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Wednesday, February 6, 2002 - Page updated at 12:00 AM

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Corrected version

Shift in Sound bragging rights over shipping business

Seattle Times business reporter

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The sluggish international economy of the past year cut deeply into Seattle's container-shipping business, allowing the Port of Tacoma to edge out its Puget Sound counterpart for the first time in years.

But shipping-industry groups say the discrepancy is small and represents the ebb and flow of trade.

At most West Coast ports, including Tacoma, the drop in 2001 container traffic ranged from 3 to 5 percent, but the Port of Seattle's containerized cargo dropped 12 percent.

While the global recession has affected all U.S. ports, Seattle officials attribute the steeper decline here to the loss of two customers: Korean shipper Cho Yang went out of business, and San Francisco-based Matson Navigation closed its coastal shuttle between Seattle and Southern California, opting for a rail route, Port of Seattle spokesman Mick Shultz said.

"If not for those losses, we would have been down 4 or 5 percent, which would have put us in the same range as the other West Coast ports," Shultz said.

Cargo shipments are tallied in 20-foot-equivalent units, or TEUs, a measure of what can be stored in one 20-foot-long cargo container. Last year, the Port of Seattle handled 1.315 million TEUs; Tacoma handled 1.320 million, giving it an edge of about 5,000.

Seattle and Tacoma ports trade heavily with Asia, but Tacoma's trade volume has weathered the economic slowdown better because of its strong Alaska trade, said Rich Berkowitz, Pacific Coast operations director for the Transportation Institute. The organization represents U.S.-flagged vessels.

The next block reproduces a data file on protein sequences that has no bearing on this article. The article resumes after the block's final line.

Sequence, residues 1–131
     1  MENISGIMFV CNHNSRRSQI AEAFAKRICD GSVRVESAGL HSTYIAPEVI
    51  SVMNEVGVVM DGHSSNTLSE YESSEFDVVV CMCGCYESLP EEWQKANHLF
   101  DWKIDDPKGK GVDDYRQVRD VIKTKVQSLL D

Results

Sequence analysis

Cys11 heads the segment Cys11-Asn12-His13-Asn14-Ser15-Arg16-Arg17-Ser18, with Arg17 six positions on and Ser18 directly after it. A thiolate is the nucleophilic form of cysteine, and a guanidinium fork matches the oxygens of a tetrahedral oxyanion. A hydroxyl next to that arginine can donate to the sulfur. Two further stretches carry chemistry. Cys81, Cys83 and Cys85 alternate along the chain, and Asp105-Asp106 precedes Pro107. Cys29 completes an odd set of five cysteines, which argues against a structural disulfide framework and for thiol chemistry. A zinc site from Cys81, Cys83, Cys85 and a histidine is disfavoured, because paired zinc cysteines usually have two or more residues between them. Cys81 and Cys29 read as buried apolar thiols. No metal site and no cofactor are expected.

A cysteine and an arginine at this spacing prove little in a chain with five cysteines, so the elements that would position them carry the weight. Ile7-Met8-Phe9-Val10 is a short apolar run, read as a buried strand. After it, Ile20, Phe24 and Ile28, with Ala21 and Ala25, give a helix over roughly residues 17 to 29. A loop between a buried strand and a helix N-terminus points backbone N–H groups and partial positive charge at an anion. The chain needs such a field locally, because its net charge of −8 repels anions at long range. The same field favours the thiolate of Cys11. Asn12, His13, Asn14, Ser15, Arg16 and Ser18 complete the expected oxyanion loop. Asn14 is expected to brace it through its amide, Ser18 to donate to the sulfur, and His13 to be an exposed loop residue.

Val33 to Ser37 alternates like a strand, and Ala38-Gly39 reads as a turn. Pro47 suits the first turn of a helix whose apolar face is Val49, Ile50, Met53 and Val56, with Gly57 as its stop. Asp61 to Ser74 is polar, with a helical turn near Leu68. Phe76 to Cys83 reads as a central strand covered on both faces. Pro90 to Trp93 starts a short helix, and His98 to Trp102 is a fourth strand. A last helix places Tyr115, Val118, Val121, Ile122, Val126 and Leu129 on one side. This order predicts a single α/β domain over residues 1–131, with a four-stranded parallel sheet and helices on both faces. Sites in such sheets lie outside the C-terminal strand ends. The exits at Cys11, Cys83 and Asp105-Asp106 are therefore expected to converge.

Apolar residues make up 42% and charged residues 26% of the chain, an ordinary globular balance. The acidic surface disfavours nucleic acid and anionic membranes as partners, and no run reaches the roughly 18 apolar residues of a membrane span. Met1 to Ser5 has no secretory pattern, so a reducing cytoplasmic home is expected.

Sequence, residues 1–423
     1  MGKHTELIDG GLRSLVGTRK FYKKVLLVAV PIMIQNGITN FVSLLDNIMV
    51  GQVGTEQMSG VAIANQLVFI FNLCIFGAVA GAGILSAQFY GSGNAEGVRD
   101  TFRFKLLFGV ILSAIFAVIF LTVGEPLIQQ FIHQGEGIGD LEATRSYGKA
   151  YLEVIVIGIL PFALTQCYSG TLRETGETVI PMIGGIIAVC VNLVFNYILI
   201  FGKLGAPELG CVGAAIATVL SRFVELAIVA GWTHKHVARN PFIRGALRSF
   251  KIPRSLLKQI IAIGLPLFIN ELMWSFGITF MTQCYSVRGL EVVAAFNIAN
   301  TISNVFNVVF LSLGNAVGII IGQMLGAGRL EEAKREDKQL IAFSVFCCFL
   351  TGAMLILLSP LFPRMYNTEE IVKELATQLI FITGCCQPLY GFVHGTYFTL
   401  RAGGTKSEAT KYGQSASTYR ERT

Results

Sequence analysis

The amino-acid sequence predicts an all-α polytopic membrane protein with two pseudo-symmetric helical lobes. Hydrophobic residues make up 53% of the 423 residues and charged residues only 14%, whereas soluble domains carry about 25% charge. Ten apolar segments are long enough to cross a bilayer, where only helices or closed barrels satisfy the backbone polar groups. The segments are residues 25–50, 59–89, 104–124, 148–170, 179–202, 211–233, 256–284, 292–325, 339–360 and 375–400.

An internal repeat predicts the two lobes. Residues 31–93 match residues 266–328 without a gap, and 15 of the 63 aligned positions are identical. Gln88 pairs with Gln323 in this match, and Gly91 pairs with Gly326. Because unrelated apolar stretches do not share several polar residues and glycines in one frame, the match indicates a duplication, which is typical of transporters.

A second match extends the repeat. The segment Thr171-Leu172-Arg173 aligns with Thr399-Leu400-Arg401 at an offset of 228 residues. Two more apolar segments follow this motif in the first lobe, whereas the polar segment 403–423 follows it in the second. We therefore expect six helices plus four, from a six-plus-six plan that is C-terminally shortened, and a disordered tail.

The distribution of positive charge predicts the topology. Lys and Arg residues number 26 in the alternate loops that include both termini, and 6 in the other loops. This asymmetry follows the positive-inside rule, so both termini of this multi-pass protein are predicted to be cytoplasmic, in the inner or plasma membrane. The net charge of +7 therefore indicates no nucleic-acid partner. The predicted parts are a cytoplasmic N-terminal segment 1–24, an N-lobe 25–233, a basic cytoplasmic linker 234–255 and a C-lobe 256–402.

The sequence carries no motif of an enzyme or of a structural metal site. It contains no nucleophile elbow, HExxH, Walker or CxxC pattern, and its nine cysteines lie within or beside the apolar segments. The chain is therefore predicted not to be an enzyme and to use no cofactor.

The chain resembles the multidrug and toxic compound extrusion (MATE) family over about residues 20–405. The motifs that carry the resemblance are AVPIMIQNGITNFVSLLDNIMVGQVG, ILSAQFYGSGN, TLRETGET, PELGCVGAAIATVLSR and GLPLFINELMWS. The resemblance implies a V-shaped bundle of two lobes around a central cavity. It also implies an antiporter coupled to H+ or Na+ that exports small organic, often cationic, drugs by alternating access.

Seattle has some Alaska trade, but much of that cargo moves on barges based at sites other than the Port of Seattle.

By comparison, the Port of Tacoma has six regularly scheduled cargo ships sailing between Tacoma and Anchorage every week, Berkowitz said.

But comparing Seattle vs. Tacoma misses the bigger picture, according to Harry Hutchins, executive director of the Puget Sound Steamship Operators Association.

When international shippers decide where to go, they look at a region rather than an individual port. Tacoma and Seattle together compete with ports in Southern California and British Columbia, Hutchins said.

The ports of Los Angeles and neighboring Long Beach together handled more than 5.5 million TEUs, capturing about two-thirds of the West Coast containerized trade last year.

Vancouver, B.C., also has taken some business away from Puget Sound ports, Hutchins said.

Seattle officials say improvements to Terminal 18 at Harbor Island may attract new customers. A two-year project scheduled to be completed in coming weeks will nearly double the terminal's size to 196 acres, making it the Port's largest terminal for containerized cargo.

"We're poised for growth when the market rebounds," Shultz said.

Frank Vinluan can be reached at 206-464-2291 or fvinluan@seattletimes.com.

Information in this article, originally published February 6, was corrected February 7. An earlier version of this story incorrectly said how freight is moved between Seattle and Alaska. Most cargo on that route moves on barges based at sites other than the Port of Seattle.

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